AFTER THE FAILED IMPLOSION OF THE KODAK-PATHÉ BUILDING GL, CHALON-SUR-SAÔNE, FRANCE DECEMBER 10, 2007
Chalon-sur-Saône, located south of Dijon in Burgundy, France, played an important role in the history of photography: it was here in 1827, that inventor Joseph Nicéphore Niépce created the first surviving photograph. Tourists can still visit the third-floor laboratory in the nearby village of Saint-Loup-de-Varennes, where Niépce successfully fixed the image of his camera obscura onto a pewter plate, using chemicals mixed with bitumen of Judea.
It was only fitting that Kodak would establish a manufacturing facility in Chalon, the city that claimed to have invented photography. They did so in 1961, by which time Niépce’s invention had grown into a global phenomenon. The plant seen on the facing page, operated by Kodak-Pathé, produced a variety of film products for nearly fifty years. When Kodak announced the facility would be closed in 2006, it was a shock not just to the city’s economy, but its citizens as well. On a gray December morning in 2007, crowds gathered to watch the death of photography in its birthplace. Photography refused to go quietly. After the demolition team had set off the 950 kilograms of explosives placed at the base of the building, only a portion of the structure came down. An embarrassed group of Kodak executives were forced to schedule a second attempt in February of 2008, which successfully ended the company’s presence in Niépce’s city.
FILM COATING FACILITY, AGFA-GEVAERT, MORTSEL, BELGIUM [#1] 2007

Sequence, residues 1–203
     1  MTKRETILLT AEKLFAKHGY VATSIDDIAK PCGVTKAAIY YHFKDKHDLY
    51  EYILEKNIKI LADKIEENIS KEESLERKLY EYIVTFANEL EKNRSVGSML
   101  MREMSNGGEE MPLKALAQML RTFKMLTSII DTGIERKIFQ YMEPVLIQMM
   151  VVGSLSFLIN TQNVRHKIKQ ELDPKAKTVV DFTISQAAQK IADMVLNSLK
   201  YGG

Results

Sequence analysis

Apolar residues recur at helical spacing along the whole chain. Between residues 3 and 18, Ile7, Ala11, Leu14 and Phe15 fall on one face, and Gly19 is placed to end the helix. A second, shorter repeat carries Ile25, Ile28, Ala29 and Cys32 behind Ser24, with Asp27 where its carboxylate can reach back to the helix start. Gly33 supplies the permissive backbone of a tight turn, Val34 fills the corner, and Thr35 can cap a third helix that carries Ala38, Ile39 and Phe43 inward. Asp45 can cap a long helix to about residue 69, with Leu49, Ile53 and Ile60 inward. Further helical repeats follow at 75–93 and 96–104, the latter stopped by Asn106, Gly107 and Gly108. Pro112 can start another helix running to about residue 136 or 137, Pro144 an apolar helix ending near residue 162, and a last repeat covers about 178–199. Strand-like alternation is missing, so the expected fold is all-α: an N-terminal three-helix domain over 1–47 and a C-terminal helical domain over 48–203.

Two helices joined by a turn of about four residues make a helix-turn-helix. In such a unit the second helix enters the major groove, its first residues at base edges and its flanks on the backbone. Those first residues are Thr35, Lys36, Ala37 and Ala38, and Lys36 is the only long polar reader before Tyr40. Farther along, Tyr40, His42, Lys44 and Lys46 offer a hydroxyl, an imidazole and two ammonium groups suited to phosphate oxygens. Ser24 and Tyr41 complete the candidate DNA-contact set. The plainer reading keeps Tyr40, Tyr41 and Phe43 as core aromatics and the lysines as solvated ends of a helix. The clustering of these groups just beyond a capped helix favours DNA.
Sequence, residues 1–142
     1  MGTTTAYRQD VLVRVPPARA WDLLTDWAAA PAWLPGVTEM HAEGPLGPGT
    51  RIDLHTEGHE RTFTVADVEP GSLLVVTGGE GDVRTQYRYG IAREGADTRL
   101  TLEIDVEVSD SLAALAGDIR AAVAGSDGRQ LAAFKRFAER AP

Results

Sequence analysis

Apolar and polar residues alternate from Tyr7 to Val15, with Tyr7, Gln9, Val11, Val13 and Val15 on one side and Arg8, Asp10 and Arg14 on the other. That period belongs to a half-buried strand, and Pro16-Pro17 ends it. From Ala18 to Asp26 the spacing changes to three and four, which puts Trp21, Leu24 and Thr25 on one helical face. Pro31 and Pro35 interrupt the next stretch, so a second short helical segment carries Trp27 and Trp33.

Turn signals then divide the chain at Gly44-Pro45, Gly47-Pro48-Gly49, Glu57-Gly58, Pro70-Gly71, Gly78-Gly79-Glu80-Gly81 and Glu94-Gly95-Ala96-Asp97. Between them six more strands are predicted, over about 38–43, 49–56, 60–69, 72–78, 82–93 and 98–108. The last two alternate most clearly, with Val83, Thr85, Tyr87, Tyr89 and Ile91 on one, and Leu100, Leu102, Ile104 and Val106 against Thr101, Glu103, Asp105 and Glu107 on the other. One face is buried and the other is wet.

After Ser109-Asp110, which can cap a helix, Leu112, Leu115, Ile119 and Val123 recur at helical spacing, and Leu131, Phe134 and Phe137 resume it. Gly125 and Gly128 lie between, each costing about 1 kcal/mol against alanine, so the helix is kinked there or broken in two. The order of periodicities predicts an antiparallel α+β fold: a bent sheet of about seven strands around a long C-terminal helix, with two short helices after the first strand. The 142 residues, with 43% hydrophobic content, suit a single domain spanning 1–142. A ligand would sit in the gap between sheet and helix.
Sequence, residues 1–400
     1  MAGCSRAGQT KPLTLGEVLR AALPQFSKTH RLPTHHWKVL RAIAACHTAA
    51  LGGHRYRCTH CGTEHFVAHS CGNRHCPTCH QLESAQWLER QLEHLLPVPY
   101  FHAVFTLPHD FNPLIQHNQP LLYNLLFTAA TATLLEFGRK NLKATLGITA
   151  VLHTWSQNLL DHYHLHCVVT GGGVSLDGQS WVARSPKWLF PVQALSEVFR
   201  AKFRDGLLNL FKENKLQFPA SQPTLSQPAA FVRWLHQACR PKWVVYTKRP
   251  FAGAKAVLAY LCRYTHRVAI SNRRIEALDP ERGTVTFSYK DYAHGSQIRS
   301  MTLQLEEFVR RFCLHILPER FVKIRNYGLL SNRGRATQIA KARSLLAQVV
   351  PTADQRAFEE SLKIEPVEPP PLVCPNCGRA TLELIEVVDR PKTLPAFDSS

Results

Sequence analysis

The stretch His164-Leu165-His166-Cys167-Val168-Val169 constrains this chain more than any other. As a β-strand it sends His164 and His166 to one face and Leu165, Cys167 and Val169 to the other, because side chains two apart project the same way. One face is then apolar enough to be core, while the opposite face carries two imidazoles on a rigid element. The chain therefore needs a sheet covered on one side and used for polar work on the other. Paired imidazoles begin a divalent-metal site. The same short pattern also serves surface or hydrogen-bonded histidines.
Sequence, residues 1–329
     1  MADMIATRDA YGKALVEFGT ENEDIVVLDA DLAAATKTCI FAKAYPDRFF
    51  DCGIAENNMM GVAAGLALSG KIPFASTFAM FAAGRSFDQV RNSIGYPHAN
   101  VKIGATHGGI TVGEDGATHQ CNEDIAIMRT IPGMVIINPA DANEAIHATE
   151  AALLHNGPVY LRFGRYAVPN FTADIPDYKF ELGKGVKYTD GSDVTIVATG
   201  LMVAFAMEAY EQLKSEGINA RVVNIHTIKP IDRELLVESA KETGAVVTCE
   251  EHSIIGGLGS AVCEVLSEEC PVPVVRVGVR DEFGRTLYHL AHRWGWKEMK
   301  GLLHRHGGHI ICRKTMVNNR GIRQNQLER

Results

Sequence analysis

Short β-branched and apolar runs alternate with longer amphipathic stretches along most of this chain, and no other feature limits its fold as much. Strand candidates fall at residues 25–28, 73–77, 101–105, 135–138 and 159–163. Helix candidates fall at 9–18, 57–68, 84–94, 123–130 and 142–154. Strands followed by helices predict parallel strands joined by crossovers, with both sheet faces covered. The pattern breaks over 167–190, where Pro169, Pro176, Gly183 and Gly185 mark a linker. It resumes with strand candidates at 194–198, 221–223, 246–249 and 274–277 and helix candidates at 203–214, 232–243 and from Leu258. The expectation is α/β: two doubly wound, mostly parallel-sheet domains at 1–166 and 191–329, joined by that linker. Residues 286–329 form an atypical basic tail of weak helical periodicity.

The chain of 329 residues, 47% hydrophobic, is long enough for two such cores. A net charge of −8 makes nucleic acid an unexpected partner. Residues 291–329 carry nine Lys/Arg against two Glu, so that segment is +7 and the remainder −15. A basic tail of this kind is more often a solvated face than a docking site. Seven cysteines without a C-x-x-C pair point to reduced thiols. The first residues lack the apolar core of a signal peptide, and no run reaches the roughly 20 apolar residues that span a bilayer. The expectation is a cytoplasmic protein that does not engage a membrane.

In 1894, Belgian photographer - entrepreneur Lieven Gevaert established his photographic paper company, Gevaert & Cie, in Antwerp. Ten years later, he moved his flourishing business to Mortsel, a quiet suburb just south of the city. Like the Kodak factory established by George Eastman in Rochester, Gevaert’s modest manufacturing operations grew exponentially at the beginning of the twentieth century in response to the rapidly increasing demand for his films and papers, from both amateurs and professionals. Also like Eastman, Gevaert was ambitious, innovative, and a visionary. After merging with the German company Agfa in 1964, his sprawling complex expanded again to become the largest photographic company in Europe, and a strong competitor of Kodak.
While Gevaert’s history is still reflected in the smaller brick structures that date from the company’s early years, these low-rise buildings are now dwarfed by enormous white, windowless coating facilities dedicated to the mass production of photographic film in darkened spaces. During the latter half of the twentieth century, society found more uses for photographic film than either Gevaert or Eastman could have ever imagined. The demand did not last. By the time this photograph was made, the consumer division of the company, AgfaPhoto, located in nearby Leverkusen, Germany, had declared bankruptcy; in 2004, it shut down its factory and laid off all its employees. Agfa - Gevaert lives on in Mortsel, but is now limited to making specialized medical and aerial films, in buildings on the verge of outliving their own usefulness.